Stewart Perowne (Biographical details)

Stewart Perowne (official; academic/intellectual; British; Male; 17 June 1901 - 10 May 1989)

Also known as

Perowne, Stewart Henry


Government official, intelligence officer, and (after his retirement) a prolific author, with a keen interest in archaeology.

Educated at Haileybury College, Corpus Christi at Cambridge (BA 1923, MA 1931; Hon. Fellow 1981) and Harvard. Joined the Palestine Government Education Service, 1927; Administrative Service, 1930, where he became a Press Officer the following year; Asst District Commissioner, Galilee 1934; Asst Secretary Malta, 1934 (pioneered Pasteurization); Political Officer, Aden Protectorate 1937; Arabic Programme Organiser, BBC 1938; Information Officer, Aden 1939; Public Relations Attache at the British Embassy in Baghdad, 1941; Oriental Counsellor, 1944; Colonial Secretary, Barbados 1947-51; seconded as Principal Adviser (Interior), Cyrenaica, 1950-51; retired in 1951 but was appointed Adviser, UK delegation to UN Assembly, Paris, November 1951, and Assistant to the Bishop in Jerusalem for Refugee work, 1952. Subsequently designed and supervised Refugee model villages.

In 1947 he married Freya Stark (q.v.), although this was dissolved in 1952. He was awarded the Coronation Medal, 1937; OBE, 1944; Iraq Coronation Medal, 1953; Knight of St John, 1956; FSA, 1957; FRSA. Clubs: Travellers'; Casino (1852), Malta; Savannah, Bridgetown; Phoenix-SK, Harvard.

During his postings he designed stamps for Malta (1936), Aden Protectorate (1938), Barbados (1949), Libya (1951), and currency notes for the West Indies Federation (1949) and Libya (1951).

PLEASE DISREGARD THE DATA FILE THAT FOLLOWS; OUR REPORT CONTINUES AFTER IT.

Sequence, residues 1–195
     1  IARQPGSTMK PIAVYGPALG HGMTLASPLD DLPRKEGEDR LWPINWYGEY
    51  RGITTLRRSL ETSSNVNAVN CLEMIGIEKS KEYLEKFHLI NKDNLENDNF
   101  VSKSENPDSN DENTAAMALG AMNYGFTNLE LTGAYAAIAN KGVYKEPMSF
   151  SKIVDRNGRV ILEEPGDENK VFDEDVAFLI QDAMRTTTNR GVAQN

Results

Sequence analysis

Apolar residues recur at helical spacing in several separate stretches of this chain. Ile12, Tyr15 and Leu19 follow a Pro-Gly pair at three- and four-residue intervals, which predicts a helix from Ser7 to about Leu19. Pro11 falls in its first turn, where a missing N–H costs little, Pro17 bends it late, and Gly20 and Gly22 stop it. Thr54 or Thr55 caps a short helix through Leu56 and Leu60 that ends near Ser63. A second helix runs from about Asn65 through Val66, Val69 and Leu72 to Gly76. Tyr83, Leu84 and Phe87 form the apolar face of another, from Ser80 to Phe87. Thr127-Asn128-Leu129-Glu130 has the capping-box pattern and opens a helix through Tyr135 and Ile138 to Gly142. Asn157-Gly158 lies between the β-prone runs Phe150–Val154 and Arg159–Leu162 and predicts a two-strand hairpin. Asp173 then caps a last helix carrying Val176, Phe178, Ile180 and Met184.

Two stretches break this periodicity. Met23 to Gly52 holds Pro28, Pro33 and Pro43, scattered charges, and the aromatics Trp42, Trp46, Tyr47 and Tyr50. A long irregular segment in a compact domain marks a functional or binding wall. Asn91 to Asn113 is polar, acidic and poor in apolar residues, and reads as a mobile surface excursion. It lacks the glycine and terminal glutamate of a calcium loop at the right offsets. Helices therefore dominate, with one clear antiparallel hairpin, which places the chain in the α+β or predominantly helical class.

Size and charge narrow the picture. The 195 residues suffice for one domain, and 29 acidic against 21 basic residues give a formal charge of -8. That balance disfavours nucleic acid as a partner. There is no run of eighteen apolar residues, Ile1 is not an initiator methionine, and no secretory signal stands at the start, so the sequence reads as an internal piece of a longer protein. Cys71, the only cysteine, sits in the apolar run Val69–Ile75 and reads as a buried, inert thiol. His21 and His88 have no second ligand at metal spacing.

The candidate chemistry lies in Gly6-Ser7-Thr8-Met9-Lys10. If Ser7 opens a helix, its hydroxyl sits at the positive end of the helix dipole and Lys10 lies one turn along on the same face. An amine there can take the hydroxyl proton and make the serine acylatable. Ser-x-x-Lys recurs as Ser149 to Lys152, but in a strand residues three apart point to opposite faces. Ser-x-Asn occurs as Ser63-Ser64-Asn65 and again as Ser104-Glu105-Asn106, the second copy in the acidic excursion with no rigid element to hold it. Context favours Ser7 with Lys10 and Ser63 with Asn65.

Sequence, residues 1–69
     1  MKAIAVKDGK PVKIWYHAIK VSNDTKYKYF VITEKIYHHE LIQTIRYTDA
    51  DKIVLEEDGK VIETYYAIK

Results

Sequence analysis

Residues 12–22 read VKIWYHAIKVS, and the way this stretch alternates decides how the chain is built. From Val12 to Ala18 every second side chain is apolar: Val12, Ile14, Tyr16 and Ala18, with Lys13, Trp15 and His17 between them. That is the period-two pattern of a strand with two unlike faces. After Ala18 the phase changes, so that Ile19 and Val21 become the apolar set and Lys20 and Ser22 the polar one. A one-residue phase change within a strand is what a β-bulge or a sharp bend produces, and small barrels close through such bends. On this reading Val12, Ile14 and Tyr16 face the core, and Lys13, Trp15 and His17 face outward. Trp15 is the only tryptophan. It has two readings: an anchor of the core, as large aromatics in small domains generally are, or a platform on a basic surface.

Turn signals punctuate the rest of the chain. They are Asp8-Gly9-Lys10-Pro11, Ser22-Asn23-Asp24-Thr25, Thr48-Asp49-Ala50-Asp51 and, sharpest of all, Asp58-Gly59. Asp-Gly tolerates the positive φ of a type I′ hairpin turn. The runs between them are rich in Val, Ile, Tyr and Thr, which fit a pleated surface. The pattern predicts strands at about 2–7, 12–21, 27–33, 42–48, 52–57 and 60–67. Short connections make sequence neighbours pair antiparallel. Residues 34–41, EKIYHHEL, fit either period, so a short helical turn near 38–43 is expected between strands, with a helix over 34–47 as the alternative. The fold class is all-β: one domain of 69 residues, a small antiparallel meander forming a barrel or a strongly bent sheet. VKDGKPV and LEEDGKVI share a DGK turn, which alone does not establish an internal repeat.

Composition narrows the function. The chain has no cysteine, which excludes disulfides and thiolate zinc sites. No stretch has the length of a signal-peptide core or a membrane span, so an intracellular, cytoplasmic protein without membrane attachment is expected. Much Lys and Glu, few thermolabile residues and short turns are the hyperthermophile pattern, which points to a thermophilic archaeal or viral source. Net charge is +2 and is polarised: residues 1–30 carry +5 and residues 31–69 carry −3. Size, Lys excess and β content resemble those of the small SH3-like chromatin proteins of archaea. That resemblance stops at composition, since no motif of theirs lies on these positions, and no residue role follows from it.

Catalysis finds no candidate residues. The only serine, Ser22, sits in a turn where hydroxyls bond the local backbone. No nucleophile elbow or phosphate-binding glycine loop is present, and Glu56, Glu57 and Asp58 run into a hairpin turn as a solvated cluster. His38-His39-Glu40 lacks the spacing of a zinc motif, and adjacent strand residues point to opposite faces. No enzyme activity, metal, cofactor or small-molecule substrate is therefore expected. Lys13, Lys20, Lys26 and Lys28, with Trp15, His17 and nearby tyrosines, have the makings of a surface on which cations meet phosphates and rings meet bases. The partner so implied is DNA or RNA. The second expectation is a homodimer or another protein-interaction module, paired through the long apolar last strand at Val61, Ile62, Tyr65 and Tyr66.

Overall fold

Publications: 'The One Remains', 1954; 'Herod the Great', 1956; 'The Later Herods', 1958; 'Hadrian', 1960; 'Caesars and Saints', 1962; 'The Pilgrim's Companion in Jerusalem and Bethlehem', 1964; 'The Pilgrim's Companion in Roman Rome', 1964; 'The Pilgrim's Companion in Athens', 1964; 'Jerusalem', 1965; 'The End of the Roman World', 1966; 'The Death of the Roman Republic: from 146 BC to the birth of the Roman Empire', 1969; 'Roman Mythology', 1968, rev. edn 1983; and contributor to various edited works, encyclopaedias and academic journals, including 'Antiquity'.

He had a keen amateur interest in archaeology, and discovered the ancient site of Imadiya in the Aden Protectorate (cf. his article, "'Im'adiya and Beihan, Aden Protectorate", 'Antiquity' 13 (1939), pp.133-37). He deposited a collection of potsherds in September 1938, most of which are of Bronze Age type and probably derive from the site of Subr. He also recovered South Arabian inscriptions and sculptures from the Wadi Beihan. In 1951, near the end of his posting to Cyrenaica he discovered the ancient city-site of Aziris.


'Who Was Who, 1981-1990', p. 592.
Obituaries: 'The Times', 15th May 1989; 'The Independent', 16th May 1989.